County Administration high rise fire in Chicago, IL, six occupants
died; one of the leading factors in these deaths was locked stairway
doors.3 On the flip side, during some terrorist scenarios,
the first responders may ask the facility’s staff to lock down the
building and control the movement of occupants.
and robustly built vertical transportation (elevators) can facilitate
first responders to gain access to upper floors in a safe and timely
manner. The IBC and the Building Construction and Safety Code4
(NFPA 5000) both have requirements for vertical transportation to
provide a reliable and safe system for first responders to use during an
FIRE CONTROL / COMMAND CENTER
the IBC and NFPA 5000 have requirements for fire control/command
centers. The first responders, owners, and design and construction team
should consider the location, layout, and space for the center. In tall
buildings, the center will need adequate space, equipment, and constant
staff monitoring. The center will be the nerve center of all incidents.
Some of the systems that should be located inside the center can be found in table 1.
|Fire alarm panel||Security alarms / access control systems|
|Security cameras||Smoke management / control panel|
|HVAC fan control systems||Stairway pressurization systems|
|Fire pump status||Fire phone system|
|Vertical transportation system status, recall and locking down|
|Mass notification paging system|
|Normal and emergency power supply status and remote start|
|Radio communication / repeater system status|
Table 1. Fire Control / Command Center systems
MEANS OF EGRESS
means of egress for tall buildings can be complex. Trying to move
several hundred occupants from upper floors down to the first floor via
stairways or even elevators will take time. At the same time that
occupants are traveling downward, first responders may be traveling
The design team should meet
with the local first responders to understand operations procedures that
could impact the means of egress. It is common practice for fire
departments in the United States to use stairways as a staging point for
an attack on the fire floor. There are several reasons for this, which
include the fire-rated and smoke-protected construction of the stairways
and the location of the fire department standpipe outlets.
FIRE & LIFE SAFETY PROTECTION SYSTEMS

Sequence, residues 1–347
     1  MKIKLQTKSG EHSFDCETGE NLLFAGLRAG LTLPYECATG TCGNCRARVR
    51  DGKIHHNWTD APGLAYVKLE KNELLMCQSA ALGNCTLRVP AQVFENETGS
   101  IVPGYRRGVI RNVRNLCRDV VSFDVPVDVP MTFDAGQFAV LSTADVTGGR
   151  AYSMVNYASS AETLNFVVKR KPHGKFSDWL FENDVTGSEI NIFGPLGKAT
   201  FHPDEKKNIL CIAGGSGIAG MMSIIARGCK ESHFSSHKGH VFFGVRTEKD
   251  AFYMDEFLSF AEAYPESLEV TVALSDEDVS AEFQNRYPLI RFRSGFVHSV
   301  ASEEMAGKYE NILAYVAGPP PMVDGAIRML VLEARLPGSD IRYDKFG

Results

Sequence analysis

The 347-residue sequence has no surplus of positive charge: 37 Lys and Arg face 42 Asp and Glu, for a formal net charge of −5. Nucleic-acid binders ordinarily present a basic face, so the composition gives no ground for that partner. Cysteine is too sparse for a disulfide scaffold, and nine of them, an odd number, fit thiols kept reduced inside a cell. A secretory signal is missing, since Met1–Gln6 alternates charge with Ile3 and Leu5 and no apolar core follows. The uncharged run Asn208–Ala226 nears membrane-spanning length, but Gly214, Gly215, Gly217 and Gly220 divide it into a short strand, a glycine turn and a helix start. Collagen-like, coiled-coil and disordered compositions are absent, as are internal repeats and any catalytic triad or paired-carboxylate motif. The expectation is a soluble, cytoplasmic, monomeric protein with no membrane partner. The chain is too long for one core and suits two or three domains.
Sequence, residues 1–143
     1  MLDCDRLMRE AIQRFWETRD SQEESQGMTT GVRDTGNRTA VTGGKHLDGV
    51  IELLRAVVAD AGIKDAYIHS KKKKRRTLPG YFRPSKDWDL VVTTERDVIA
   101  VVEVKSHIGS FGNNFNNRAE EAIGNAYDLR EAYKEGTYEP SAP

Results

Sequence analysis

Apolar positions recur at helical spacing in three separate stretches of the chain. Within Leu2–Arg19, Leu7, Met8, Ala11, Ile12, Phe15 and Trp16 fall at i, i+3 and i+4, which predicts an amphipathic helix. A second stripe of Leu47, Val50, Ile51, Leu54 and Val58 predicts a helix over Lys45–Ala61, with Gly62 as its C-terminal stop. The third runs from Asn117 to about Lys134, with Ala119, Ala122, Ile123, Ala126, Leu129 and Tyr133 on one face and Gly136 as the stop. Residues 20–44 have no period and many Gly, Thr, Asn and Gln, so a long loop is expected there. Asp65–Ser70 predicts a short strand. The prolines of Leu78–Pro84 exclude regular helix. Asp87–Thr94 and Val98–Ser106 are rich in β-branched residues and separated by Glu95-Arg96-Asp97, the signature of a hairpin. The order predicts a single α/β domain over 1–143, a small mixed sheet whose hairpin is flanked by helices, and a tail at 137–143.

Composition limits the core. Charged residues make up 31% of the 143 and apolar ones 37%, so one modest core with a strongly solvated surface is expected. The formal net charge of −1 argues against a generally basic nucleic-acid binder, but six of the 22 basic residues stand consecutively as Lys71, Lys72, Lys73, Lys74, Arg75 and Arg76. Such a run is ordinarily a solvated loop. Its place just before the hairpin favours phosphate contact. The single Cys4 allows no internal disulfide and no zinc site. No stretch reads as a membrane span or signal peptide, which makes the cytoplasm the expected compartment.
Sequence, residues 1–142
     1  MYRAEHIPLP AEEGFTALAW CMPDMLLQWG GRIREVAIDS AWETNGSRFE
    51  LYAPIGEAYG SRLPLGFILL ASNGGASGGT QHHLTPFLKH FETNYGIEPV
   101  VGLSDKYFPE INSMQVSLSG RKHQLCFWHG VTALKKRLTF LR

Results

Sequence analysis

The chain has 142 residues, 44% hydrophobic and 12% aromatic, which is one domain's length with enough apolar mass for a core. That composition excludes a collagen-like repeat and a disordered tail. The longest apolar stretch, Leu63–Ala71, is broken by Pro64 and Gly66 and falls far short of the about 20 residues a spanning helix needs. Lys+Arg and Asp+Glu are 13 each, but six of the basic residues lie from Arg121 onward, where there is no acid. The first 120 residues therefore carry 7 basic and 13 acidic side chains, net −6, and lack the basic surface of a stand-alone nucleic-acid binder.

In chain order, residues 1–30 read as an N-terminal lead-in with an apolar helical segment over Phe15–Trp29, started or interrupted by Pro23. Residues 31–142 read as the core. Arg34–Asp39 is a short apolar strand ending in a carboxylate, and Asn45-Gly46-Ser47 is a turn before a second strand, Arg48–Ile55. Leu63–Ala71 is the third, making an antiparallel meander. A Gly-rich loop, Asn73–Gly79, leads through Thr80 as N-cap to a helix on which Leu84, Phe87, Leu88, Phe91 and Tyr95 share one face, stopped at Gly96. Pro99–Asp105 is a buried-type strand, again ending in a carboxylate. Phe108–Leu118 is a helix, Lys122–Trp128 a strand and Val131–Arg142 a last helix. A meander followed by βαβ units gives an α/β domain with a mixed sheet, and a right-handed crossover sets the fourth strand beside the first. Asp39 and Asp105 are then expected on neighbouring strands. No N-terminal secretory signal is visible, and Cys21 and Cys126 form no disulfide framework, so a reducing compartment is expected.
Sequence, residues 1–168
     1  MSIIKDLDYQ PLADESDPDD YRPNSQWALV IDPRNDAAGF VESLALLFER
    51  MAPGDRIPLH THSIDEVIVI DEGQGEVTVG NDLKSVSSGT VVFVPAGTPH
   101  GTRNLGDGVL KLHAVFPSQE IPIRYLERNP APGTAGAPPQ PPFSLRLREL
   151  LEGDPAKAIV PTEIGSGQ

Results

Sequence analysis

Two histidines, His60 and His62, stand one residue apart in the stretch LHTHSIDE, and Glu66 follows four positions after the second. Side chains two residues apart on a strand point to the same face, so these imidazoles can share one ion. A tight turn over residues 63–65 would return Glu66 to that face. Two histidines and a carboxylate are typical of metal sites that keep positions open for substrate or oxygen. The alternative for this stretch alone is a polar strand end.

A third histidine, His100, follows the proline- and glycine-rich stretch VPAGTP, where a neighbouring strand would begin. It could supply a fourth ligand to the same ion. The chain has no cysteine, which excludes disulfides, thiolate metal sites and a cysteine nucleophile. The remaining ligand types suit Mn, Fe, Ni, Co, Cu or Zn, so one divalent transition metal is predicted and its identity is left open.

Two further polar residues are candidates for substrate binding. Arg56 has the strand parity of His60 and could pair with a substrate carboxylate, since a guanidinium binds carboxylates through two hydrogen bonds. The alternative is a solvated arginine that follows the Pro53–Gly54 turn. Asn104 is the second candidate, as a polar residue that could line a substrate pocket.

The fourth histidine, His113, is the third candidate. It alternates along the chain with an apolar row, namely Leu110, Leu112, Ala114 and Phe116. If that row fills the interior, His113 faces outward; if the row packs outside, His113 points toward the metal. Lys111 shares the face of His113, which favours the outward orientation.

tall buildings will have fixed fire and life safety protection systems
in place. These fixed fire and life safety protection systems may
include fire sprinklers, standpipes, fire pumps, emergency generators,
firefighter air replenishment systems, onsite water supply, fire alarm
systems, communication systems, smoke control systems, and emergency
power to name a few. These systems can both mitigate the incident and
support the first responders’ actions.
fire sprinkler and standpipe systems will most likely have fire pump(s)
installed. These systems can also have some type of pressure reducing
valves. The valves have caused trouble for the first responders. The One
Meridian Plaza fire in Philadelphia, PA, on Feb. 23, 1991, resulted in
the deaths of three firefighters. Some of the factors that resulted in
their deaths were the loss of normal power, emergency power, and
problems with pressure settings on pressure-reducing valves in the
design professional and ownership should develop emergency action plans
to facilitate actions by the local first responders. Some of these
plans may include evacuation, lockdown, or shelter in place based on the
possible incidents or events that the design team and first responders
agree should be addressed. Training and drills of these plans are
important to test the function and to identify changes based on the
outcomes of these drills.
Joe McElvaney is with the Phoenix (AZ) Fire Department.
- International Fire Code, International Code Council, Washington, DC, 2012.
- NFPA 1, Fire Code, National Fire Protection Association, Quincy, MA, 2012.
- Madrzykowski, D., Walton, W. D. Cook County Administration Building Fire, 69 West Washington, Chicago, Illinois, October 17, 2003: Heat Release Rate Experiments and FDS Simulations. NIST SP-1021. National Institute of Standards and Technology, Gaithersburg, MD, 2004.
- NFPA 5000, Building Construction and Safety Code, National Fire Protection Association, Quincy, MA, 2012.
- Routley, J., Jennings, C. and Chubb, M. Highrise Office Building Fire, One Meridian Plaza, Philadelphia, Pennsylvania, Technical Report USFA-TR-049, United States Fire Administration, Washington, DC, (undated).